Socrates’ position in this dialogue is rather startling, especially if you come to it presupposing a certain conventional image of Socrates. That conventional image, taken from the Apology, is of a man who will not lie, a man who seeks definitions, a man who believes, as he says in the Gorgias, that the virtuous man is so far from merely the powerful man that the virtuous man would allow himself to be put to death in defense of virtue. These are all, indeed, sides of Socrates. But there is also the friend of Alcibiades, the ironist who initiates the philosophical quest as one that searches for definition only to upend it by making clear the perpetual inadequacy of that quest (or, if you will, the strange space in which that quest is pursued, in which the end of the movement lands one at the beginning again), the man whose daimon is a sort of spirit of negativity. This Socrates contends for a viewpoint that seems paradoxical: the man who does voluntary injustice is better than the man who does involuntary injustice. The reason? Behind the windings of the dialogue, Socrates reason is strangely similar to Gorgias’ viewpoint: the man who does injustice voluntarily has a greater capacity, both for justice and injustice, than the man who does injustice involuntarily. In other words, being polytropic, wily, guileful, is not a mark of weakness – it is the feint of a higher capacity.

“Under Socrates' questioning Hippias seems eager to state that the liar is capable, prudent, knowing, and wise (365d-366a): his eagerness suggests that he is as outraged at the polytropic man as Achilles was at Odysseus. Outrage makes Hippias far less willing to agree with Socrates' argument that it is the true expert in an art who is both the liar and the truth-teller and that the same man is a liar and truthful about the things of that art (367c-d). Socrates selects arts in which Hippias claims special expertise (calculating, geometry; astronomy) and when he generalizes from these arts to all arts and sciences, he again uses Hippias as his example, the Hippias whom Socrates heard boasting in the market place beside the money tables that he is the wisest of all human beings in the greatest number of arts (368b). Socrates' argument shows that the same man is liar and truth-teller but Hippias's response shows that capable Hippias is not that man; something in addition to the capacity of a Hippias seems necessary for the polytropic man.”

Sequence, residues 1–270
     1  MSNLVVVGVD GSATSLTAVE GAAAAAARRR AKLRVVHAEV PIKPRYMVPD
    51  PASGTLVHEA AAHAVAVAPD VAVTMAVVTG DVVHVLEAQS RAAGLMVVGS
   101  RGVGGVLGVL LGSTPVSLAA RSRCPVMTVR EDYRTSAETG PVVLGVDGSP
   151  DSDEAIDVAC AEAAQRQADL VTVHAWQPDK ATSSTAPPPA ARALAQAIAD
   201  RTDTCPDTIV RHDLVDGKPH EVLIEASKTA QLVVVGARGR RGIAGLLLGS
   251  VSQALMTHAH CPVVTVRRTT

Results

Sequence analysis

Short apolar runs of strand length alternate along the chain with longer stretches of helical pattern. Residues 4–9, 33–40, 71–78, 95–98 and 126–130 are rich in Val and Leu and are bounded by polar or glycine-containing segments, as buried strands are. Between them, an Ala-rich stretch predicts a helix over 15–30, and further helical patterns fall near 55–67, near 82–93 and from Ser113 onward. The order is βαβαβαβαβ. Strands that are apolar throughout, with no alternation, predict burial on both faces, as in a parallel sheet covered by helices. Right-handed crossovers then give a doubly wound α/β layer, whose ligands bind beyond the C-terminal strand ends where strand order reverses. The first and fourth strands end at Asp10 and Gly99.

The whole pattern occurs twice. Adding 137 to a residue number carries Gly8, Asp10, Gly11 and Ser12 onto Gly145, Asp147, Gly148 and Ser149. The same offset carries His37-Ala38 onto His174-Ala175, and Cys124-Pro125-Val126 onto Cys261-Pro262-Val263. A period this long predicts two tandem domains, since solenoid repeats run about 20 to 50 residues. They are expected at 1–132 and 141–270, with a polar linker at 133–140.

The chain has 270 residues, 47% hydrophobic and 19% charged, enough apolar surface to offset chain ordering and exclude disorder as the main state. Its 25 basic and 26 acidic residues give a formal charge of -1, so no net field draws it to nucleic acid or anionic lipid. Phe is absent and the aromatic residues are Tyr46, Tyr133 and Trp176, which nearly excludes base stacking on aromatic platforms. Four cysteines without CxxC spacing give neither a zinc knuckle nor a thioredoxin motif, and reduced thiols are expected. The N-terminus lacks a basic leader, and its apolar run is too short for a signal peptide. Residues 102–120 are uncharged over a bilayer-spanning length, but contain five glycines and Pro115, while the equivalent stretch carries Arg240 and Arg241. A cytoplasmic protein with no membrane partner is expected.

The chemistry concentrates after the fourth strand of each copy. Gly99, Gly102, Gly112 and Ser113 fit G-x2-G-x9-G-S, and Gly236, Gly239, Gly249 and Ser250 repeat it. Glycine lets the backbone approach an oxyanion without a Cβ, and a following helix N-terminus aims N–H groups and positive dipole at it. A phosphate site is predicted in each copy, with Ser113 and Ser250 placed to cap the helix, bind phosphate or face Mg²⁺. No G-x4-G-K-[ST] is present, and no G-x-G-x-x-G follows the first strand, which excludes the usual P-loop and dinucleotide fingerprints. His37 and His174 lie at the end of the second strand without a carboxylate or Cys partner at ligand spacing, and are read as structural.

This post is the successor of my last post. My complaint in that one is that politics in America is stuck in the rhetorical mode of indignatio – shame-making. Myself, I think opposition to the current regime (and I am not, here, talking simply about the left – I include even conservative opposition to the war and the lack of stewardship) would be better served by the polytropic. The weakness of, say, Kerry as a politician was not that he was all things to all people, but that he was not convincingly anything to anybody.